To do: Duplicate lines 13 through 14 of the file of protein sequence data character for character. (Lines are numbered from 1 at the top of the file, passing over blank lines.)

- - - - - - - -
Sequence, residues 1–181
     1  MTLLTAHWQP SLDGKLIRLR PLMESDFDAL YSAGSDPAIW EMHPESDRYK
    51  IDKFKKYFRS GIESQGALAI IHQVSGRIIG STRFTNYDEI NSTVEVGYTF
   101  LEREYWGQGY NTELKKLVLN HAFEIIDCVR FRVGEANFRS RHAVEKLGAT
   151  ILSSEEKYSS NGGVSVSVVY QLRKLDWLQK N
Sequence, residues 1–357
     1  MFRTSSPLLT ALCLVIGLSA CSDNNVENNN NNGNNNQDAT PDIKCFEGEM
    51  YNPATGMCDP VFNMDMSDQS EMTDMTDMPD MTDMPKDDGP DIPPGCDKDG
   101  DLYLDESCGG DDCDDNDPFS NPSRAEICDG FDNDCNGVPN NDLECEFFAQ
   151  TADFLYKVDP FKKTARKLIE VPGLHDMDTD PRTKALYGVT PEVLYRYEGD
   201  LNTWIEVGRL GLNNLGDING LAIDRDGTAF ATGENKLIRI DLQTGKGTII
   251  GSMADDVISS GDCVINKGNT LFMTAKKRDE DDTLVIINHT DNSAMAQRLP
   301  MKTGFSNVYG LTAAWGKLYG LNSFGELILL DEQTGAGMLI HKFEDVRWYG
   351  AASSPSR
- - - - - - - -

   301  MKTGFSNVYG LTAAWGKLYG LNSFGELILL DEQTGAGMLI HKFEDVRWYG
   351  AASSPSR